- Slow Computer
- System crashes
- Normal system programs crash immediatelly
- Connects to the internet without permission
- Installs itself without permissions
- Can't be uninstalled via Control Panel
Our research team has recently discovered Havoc Ransomware. This infection is extremely suspicious, but it is not yet known whether or not it will attack regular computer users. In a video that was made public via youtube.com, it is stated that this infection was created just to see if it is hard to created ransomware, as well as to test its potential. Although it is stated that this infection would not be released as a real infection, who’s to say that malware creators can be trusted? Whether or not this threat is unleashed, we have to discuss it because it is malicious, and it has the potential to be just as dangerous as Erebus Ransomware, CryptoSweetTooth Ransomware, and all other ransomware infections whose removal we have discussed in separate reports. If you want to learn more about the infection, you should continue reading this report. We even discuss how to remove Havoc Ransomware.
According to the malware researchers working in our internal lab, Havoc Ransomware can use AES (Advanced Encryption Standard) to encrypt files. It appears that the current version of this threat is capable of encrypting files found on the Desktop and all subfolders. When the file is encrypted, it gains the “.HavocCrypt” extension, and that can help you both recognize the culprit and find the corrupted files. One more thing to note is that when Havoc Ransomware attaches its unique extension, it also replaces the dots in the file name with underscores. For example, if the infection encrypts a file called “test.doc”, it will appear to you as “test_doc.HavocCrypt”. Do you know what initiates the encryption of files? A malicious .exe file is responsible for that, and it is unclear how the creator of the ransomware could spread it because it is not being spread at the moment. Of course, considering that most threats like this one are either spread via spam emails, installed by Trojans, or infiltrated using RDP vulnerabilities, it is most likely that it would be distributed using one of these methods.
As soon as the encryption of files is completed, Havoc Ransomware should showcase a ransom note. This note should be launched from the main .exe file because the ransomware does not create new files. The information provided via the ransom note is not surprising. Just like most other ransomware infections, this one demands a ransom of $150 to be paid in Bitcoins (~0.17 BTC). Also, there is a request to confirm the payment by emailing HavocPayday@Signant.Org. The ransom note also informs that if you close this application or shut down the PC, the decryption key will be lost. Unfortunately, that is not a trick used for intimidation. If you restart your computer, the ransomware will not start again because there is no point of execution, and the decryption option provided to you will not work.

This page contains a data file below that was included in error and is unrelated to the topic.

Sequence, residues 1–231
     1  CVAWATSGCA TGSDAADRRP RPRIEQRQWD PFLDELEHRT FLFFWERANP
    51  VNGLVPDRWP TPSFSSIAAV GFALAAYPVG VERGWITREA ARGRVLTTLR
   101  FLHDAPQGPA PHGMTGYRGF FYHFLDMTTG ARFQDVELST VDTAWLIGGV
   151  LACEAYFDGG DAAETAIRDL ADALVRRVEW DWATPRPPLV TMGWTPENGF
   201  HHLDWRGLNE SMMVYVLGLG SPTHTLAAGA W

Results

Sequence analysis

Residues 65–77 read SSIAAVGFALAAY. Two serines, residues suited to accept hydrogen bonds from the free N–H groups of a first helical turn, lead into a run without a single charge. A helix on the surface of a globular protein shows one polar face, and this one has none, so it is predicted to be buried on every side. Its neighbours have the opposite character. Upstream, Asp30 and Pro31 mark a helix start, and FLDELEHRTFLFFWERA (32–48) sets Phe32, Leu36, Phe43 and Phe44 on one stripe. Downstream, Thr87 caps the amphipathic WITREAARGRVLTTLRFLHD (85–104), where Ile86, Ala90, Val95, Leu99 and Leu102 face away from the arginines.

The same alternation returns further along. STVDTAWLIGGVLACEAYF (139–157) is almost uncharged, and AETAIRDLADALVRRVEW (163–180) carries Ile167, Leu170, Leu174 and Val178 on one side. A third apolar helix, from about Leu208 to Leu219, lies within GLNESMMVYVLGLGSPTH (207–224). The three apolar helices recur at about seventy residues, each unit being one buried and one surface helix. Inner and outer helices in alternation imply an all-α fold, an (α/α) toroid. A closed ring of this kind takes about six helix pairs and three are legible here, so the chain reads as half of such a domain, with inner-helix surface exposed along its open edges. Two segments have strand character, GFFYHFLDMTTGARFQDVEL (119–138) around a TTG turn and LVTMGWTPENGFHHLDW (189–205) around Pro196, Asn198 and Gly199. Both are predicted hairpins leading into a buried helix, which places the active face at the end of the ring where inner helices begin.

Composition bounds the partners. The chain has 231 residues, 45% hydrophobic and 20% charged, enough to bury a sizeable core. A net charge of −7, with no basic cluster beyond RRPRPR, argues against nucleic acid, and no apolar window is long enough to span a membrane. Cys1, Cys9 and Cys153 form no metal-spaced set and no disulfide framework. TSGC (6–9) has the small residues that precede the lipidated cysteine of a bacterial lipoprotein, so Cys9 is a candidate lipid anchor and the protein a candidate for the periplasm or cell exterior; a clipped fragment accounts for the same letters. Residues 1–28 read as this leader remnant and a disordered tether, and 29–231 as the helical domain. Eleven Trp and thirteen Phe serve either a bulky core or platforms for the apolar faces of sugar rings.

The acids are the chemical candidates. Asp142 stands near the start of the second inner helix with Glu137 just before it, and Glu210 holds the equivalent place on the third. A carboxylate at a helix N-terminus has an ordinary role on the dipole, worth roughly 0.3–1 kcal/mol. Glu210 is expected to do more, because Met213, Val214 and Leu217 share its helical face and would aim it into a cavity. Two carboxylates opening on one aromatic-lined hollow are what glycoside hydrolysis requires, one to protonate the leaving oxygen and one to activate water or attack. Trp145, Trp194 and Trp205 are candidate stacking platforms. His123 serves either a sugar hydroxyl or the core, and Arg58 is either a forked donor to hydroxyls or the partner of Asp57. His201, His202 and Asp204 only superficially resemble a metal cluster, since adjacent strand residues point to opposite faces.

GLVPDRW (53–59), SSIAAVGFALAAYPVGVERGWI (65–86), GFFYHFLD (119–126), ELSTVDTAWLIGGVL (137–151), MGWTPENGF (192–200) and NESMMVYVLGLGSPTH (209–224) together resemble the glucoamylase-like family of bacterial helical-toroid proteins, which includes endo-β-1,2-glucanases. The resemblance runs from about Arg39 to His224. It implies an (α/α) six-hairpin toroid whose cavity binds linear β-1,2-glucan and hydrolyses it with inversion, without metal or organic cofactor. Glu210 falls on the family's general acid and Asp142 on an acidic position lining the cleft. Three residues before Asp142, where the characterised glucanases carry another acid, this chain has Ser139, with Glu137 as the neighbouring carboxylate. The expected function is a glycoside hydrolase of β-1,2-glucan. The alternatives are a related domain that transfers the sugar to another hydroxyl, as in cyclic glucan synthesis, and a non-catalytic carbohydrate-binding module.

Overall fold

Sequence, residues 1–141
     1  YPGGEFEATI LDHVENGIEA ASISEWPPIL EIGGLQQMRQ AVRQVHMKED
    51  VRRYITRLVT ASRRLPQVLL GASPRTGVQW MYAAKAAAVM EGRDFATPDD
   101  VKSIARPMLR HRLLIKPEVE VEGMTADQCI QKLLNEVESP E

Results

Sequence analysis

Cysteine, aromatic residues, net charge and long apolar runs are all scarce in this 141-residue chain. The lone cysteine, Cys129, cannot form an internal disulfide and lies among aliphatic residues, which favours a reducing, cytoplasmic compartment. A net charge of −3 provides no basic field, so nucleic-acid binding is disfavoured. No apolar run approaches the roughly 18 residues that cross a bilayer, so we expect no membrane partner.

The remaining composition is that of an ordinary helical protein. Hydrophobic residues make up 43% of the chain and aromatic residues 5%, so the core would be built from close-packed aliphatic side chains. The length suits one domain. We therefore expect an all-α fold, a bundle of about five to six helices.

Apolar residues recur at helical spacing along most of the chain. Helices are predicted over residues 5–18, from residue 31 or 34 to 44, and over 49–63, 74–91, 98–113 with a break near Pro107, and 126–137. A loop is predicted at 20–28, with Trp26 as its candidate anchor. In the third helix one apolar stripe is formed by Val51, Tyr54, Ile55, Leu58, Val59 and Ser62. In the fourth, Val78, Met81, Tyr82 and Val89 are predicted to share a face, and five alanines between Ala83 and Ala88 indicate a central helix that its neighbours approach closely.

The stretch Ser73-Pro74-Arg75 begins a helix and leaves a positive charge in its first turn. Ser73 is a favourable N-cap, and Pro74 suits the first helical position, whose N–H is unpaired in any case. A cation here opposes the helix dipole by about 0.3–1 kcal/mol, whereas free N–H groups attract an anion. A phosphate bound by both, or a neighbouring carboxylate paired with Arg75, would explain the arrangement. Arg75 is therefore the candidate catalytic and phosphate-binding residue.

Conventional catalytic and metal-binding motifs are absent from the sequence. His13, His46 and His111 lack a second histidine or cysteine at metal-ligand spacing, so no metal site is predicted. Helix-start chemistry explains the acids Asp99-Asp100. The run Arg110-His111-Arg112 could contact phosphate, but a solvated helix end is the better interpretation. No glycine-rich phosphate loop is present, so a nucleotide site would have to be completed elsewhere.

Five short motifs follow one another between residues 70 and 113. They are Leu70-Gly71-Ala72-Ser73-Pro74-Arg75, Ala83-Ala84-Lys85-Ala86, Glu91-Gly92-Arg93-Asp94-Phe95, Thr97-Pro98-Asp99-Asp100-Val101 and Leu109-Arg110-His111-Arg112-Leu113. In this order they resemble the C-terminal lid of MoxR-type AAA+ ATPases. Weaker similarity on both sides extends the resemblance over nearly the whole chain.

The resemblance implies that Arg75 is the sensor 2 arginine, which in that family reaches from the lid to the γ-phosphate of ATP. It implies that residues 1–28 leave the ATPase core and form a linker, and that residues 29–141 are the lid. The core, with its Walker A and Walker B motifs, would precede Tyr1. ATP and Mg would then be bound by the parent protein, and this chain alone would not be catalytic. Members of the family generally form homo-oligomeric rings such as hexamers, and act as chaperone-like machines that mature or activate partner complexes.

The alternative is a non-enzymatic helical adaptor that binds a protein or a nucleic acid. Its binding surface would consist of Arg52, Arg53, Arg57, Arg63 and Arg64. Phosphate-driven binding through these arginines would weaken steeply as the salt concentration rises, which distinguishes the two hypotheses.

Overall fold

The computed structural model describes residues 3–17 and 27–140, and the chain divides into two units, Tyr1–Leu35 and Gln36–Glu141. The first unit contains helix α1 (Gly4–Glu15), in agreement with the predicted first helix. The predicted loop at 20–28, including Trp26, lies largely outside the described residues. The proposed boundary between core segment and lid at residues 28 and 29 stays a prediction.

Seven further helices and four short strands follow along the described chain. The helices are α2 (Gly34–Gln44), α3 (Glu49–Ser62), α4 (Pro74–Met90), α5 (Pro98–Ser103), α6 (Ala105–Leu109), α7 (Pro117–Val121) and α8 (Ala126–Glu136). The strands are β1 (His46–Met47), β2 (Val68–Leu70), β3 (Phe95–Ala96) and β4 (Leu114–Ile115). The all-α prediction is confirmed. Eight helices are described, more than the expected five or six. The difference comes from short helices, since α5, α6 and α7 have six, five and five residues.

At this time, the victim of Havoc Ransomware could easily decrypt the files by clicking the “Decrypt My Files” button five times. After this, all files are decrypted. Obviously, if this infection was released as a real infection, it is unlikely that this trick would work. On the contrary, it is most likely that you would have no other option but to pay the ransom requested. Hopefully, the creator of this infection does not release it as promised, but no one can guarantee that. On top of that, there are already plenty of ransomware threats that can do much more damage and that can coerce you into paying much bigger ransoms. Even if you do not need to worry about this particular infection, you have to make sure you take measures to protect your operating system and personal files. For example, if you have not set up a file backup, you need to do that right away. Even if files get encrypted, you could recover them from backup.
If the computer is not restarted when the ransom note of Havoc Ransomware appears, all one has to do is click “Decrypt My Files” five times to decrypt files and then delete the malicious .exe launcher. After this, even the Task Manager will be unblocked, which is what the ransomware does. All in all, this is all hypothetical because this infection is unlikely to strike. Unfortunately, other threats similar to this one exist, and it is crucial to employ security software to avoid the infiltration of malware, as well as to back up personal files to prevent their loss.
Havoc Ransomware Removal